How to clean marble – The Guide for homeowners
Marble has been used for centuries as a decorative material – unlike the hard edgy look of polished concrete, marble is timeless, it can suit all styles of home, it is a luxury item and will never go out of fashion. We often get asked how to clean marble: read our guide below for best practices.
Marble is porous
Marble is a porous material, and much more porous than other common counter top materials such as engineered stone (or ‘quartz’ as it’s commonly known). This means it can stain. And the area of your home where most staining is likely to occur is in your kitchen. But that doesn’t mean you can’t use marble if you follow a few simple steps and you are consistent in your approach. With these steps, you are much more likely to prevent scum build up, wine stains or marble etching and help ensure that the marble retains its natural beauty for longer and therefore the need for professional restoration is prolonged.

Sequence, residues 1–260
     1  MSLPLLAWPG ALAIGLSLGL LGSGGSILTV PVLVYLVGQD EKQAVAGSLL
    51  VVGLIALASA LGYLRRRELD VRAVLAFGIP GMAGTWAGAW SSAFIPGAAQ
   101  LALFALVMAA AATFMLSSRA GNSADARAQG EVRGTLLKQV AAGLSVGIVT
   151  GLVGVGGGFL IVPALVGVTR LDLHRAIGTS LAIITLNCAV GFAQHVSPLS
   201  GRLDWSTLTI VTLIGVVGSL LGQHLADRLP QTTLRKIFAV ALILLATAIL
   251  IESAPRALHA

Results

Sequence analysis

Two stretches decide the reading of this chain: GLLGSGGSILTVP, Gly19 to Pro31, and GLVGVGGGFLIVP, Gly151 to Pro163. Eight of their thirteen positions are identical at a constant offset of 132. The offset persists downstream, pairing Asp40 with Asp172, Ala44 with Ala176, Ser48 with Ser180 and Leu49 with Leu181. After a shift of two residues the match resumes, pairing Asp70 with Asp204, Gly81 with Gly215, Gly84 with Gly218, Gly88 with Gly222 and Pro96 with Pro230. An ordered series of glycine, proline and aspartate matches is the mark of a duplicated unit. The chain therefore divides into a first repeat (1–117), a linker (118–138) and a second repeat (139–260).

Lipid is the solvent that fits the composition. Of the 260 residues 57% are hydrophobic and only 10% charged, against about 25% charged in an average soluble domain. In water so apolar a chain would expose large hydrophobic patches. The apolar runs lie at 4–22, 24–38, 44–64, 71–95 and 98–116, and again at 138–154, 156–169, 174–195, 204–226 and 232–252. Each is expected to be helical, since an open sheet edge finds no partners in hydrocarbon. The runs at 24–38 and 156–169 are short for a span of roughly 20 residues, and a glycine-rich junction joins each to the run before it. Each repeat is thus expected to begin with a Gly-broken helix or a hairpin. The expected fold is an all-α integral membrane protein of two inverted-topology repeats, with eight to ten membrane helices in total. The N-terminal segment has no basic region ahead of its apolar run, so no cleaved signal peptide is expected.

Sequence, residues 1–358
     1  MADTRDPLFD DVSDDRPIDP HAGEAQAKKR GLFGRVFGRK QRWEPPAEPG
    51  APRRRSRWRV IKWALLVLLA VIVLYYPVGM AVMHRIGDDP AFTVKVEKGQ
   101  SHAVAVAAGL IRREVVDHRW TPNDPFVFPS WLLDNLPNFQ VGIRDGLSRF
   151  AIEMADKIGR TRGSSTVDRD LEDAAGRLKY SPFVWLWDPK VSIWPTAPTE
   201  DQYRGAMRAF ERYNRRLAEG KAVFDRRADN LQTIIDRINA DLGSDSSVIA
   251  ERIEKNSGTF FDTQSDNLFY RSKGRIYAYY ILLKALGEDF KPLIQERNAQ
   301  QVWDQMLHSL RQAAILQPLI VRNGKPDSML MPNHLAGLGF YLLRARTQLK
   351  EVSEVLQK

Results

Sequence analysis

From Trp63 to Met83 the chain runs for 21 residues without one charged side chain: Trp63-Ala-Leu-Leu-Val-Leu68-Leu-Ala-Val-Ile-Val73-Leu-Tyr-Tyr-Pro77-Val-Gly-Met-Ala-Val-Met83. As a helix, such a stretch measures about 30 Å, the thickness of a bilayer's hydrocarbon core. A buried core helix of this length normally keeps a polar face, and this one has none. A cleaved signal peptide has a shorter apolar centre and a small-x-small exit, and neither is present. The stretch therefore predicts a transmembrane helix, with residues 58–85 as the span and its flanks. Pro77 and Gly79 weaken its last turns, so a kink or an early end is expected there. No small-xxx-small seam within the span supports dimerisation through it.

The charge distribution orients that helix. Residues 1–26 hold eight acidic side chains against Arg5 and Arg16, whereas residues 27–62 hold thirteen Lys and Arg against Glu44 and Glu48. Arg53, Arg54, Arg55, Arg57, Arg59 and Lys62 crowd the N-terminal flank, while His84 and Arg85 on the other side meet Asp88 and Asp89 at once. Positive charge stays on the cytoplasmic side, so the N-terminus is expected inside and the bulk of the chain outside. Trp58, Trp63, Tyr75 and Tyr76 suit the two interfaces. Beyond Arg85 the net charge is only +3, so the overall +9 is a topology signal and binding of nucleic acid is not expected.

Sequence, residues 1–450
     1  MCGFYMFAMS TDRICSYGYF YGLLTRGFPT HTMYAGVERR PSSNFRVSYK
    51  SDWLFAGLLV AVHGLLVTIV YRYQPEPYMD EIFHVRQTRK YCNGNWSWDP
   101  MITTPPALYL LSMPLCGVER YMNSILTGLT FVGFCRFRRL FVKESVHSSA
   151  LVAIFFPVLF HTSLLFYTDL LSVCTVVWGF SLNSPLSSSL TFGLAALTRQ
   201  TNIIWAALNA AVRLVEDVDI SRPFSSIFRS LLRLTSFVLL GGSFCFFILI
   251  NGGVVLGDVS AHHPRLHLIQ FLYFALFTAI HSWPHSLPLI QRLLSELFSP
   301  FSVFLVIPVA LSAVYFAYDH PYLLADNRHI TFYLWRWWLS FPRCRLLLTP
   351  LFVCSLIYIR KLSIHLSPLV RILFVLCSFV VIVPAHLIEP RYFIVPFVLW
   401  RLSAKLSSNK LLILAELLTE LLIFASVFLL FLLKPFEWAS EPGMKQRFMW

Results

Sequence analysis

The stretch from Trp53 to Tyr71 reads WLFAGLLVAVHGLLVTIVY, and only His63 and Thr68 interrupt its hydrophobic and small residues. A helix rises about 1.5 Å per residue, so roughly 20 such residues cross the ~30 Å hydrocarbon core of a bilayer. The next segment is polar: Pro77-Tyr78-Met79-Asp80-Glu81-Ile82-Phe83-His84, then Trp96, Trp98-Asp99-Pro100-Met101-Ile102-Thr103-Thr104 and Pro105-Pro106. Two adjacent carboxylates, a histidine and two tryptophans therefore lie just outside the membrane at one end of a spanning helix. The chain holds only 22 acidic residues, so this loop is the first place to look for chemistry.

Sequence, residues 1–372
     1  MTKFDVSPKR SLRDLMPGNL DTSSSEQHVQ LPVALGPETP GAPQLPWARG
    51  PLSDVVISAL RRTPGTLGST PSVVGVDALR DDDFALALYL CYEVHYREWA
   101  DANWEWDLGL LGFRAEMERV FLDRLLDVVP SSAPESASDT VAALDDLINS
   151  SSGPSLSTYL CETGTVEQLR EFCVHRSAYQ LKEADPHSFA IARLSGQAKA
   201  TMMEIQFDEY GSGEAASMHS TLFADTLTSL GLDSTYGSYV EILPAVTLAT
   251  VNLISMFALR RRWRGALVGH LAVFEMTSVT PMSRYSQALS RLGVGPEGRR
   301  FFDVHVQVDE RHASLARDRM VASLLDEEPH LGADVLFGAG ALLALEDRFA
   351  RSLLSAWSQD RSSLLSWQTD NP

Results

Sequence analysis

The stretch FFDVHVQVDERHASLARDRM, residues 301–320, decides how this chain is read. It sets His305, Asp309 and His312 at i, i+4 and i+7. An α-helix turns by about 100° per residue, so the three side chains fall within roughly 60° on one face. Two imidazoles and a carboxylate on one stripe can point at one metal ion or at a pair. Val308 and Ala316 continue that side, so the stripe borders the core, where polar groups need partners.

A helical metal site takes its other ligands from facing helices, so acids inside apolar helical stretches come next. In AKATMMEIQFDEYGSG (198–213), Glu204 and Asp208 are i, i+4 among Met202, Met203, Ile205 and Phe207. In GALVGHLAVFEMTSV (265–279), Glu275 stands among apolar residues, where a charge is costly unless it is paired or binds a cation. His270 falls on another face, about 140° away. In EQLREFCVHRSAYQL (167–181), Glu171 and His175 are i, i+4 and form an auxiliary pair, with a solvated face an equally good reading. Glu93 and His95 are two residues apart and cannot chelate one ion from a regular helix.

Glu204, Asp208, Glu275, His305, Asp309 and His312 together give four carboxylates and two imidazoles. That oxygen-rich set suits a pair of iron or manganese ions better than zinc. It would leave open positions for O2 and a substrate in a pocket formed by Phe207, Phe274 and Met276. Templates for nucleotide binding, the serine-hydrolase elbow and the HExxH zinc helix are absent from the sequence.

Marble worktops and coffee tables
Initial steps – Whilst many worktops are sealed in the factory prior to installation, your marble surface must be sealed by a professional once it has been installed. If not sealed correctly, any acidic products such as red wine, coffee, lemon juice and cooking oil can seep into marble and make it almost impossible to remove. This should always be done by a stone professional such as by Stone Design London, but if you are determined to seal it yourself, always read the manufacturer’s warranty and instructions, and contact the manufacturer prior to application if you are unsure or need clarification on anything. And it doesn’t stop there. Sure, sealing the marble initially will help enormously, but sealing it every six months to one year depending on the stone used is optimal to maintain a protective surface. Unfortunately, even with this protocol, marble will not be 100% stain-proof, but it will make it stain-resistant.